Nature and temporality, on the other hand, make their entrance into Marco Eusepi's works: a tree is the pretext for experimenting with painting as a tool for material research on canvas. It is always the same tree, which becomes a succession of signs suspended in the background or merged with it. The natural element travels from the artist's thoughts to the canvas, recomposing itself in a jumble of signs and matter. The artist records the imperceptible movements of the plant, with the intention of restoring on the canvas the micro variations of nature in relation to the surrounding world.
The sign seems to evaporate in Giulia Dall'Olio's works, where the attempt to contain the image deliberately eludes the artist. It explodes into an organic and dusty mass. In her works, nature overflows to flood the space of the canvas like in a sudden jet. The artist reflects on the extraordinary significance of nature and its invisible relations with human beings.
Andrea Martinucci 14032019.jpeg Acrylic, pencil and neon on canvas 300 x 200 x 3.5 cm 2019
Andrea Martinucci 10122019.jpeg Acrylic and pencil on canvas 40 x 50 x 3.5 cm 2019
Andrea Martinucci 5092019.jpeg Acrylic, silty earth, pencil and steel on canvas 200 x 200 x 3.5 cm 2019
Andrea Martinucci 16062018.jpeg Acrylic and pencil on canvas with aluminium frame 40 x 40 x 4cm 2018
Marta Mancini Untitled (August) Acrylic on canvas 180 x 140 cm 2018
Marta Mancini Untitled (February) Acrylic on canvas 180 x 140 cm 2019
Marta Mancini Untitled (September) Acrylic on canvas 180 x 140 cm 2018
Marta Mancini Untitled (May) Acrylic on canvas 200 x 160 cm 2018
Marta Mancini Untitled (June) Acrylic on canvas 200 x 160 cm 2017
Marco Eusepi Untitled (Trees) Acrylic on canvas 214 x 300 cm 2021
Marco Eusepi Untitled (Trees and Sky) Oil on canvas 58.5 x 67 cm 2021
Luca Grimaldi Toilets, Schonefeld Airport, Arrivals, Terminal C Oil on canvas 202x 140 cm 2019
Luca Grimaldi Airport Oil on canvas 300 x 280 cm 2019
Luca Grimaldi Gradient Oil on canvas 95.3 x 95.3 cm 2019
Luca Grimaldi Pedestal Oil on canvas 137 x 77 cm 2019
Luca Grimaldi Shower Wood, oil on plasterboard 200 x 100 x 15 cm 2020
Giulia Dall'Olio g 19][106 d Charcoal and pastel on paper 84 x 59 cm 2018
Giulia Dall'Olio g 19][167 d Charcoal, pastel and acrylic on paper 195 x 195 cm 2019
Alessandro Giannì Untitled Oil on canvas 90 x 70 cm 2018
Alessandro Giannì Due to the Image Oil on canvas 250 x 200 cm 2021
Giuliana Benassi is an independent curator and art historian based in Rome. Her undergraduate degree is in Art History from the University of Pisa. Her curatorial focus is on exhibitions that feature site-specific works which reexamine unconventional spaces. She teaches Contemporary Art History at Istituto Pantheon of Milan/Rome and she is professor at IED (European Institute of Design), international Master in “Curatorial Practice”. She is the Art Advisor of The American Academy in Rome. She is co-founder and director of the project There Is No Place Like Home which was awarded the Artribune Prize for Contemporary Art in 2017. Benassi is also the curator of ALT - The contemporary Art program of the national newspaper “Il Manifesto”. She is curator of the art residency “Ritratto a mano”. She is editor of the Italian art publications Rivista Segno and Exibart. She has collaborated with different institutions and associations among which Museo Laboratorio della Mente, Swiss Institute in Rome, artQ13 Rome; Fondazione Lac o Le Mon Lecce; MAMbo Bologna; Follemente Festival Teramo; Italian Cultural Institute London. She has also edited with many international publishers such as NERO, Viaindustriae, Palombi, among others.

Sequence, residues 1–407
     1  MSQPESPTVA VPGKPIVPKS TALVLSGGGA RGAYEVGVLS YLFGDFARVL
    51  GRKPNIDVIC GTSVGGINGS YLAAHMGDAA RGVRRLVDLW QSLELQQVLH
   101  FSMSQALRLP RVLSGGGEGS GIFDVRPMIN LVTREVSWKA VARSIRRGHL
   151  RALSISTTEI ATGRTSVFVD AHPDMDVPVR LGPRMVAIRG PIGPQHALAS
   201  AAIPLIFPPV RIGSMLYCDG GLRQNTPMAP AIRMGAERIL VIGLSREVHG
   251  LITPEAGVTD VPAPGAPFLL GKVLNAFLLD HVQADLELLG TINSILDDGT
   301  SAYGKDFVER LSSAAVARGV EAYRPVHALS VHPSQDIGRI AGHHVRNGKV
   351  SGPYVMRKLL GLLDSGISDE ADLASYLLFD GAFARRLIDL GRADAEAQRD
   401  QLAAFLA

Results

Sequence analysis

Michela Sena is a Rome-Bangkok based curator and art critic. Her research relates partly to the potential of global language and the relationship and dialogue between contemporary artists coming from different territories. After she graduated in museology and art history at Roma Tre University and got a Chinese language degree at SISU Shanghai Foreign Studies University, she was Director of Primo Marella Gallery Beijing and Director of Tang Contemporary Art Bangkok. She curated a wide number of shows proposing a punctual snapshot of contemporary art research, developing in recent years a focus on Chinese and South East Asian art.